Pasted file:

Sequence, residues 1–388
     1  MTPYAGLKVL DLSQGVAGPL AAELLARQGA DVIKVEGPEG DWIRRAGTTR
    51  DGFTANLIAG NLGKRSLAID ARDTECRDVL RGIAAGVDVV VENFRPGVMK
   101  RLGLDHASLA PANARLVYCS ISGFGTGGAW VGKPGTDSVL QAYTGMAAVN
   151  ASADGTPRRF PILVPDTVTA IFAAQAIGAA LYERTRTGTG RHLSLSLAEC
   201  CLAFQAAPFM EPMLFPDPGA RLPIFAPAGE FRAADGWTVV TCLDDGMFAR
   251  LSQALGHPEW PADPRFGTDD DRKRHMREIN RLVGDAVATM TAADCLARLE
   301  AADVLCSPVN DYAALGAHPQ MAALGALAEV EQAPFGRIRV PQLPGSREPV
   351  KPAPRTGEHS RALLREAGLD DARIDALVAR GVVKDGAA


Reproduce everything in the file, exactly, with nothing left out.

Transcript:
Sequence, residues 1–388
     1  MTPYAGLKVL DLSQGVAGPL AAELLARQGA DVIKVEGPEG DWIRRAGTTR
    51  DGFTANLIAG NLGKRSLAID ARDTECRDVL RGIAAGVDVV VENFRPGVMK
   101  RLGLDHASLA PANARLVYCS ISGFGTGGAW VGKPGTDSVL QAYTGMAAVN
   151  ASADGTPRRF PILVPDTVTA IFAAQAIGAA LYERTRTGTG RHLSLSLAEC
   201  CLAFQAAPFM EPMLFPDPGA RLPIFAPAGE FRAADGWTVV TCLDDGMFAR
   251  LSQALGHPEW PADPRFGTDD DRKRHMREIN RLVGDAVATM TAADCLARLE
   301  AADVLCSPVN DYAALGAHPQ MAALGALAEV EQAPFGRIRV PQLPGSREPV
   351  KPAPRTGEHS RALLREAGLD DARIDALVAR GVVKDGAA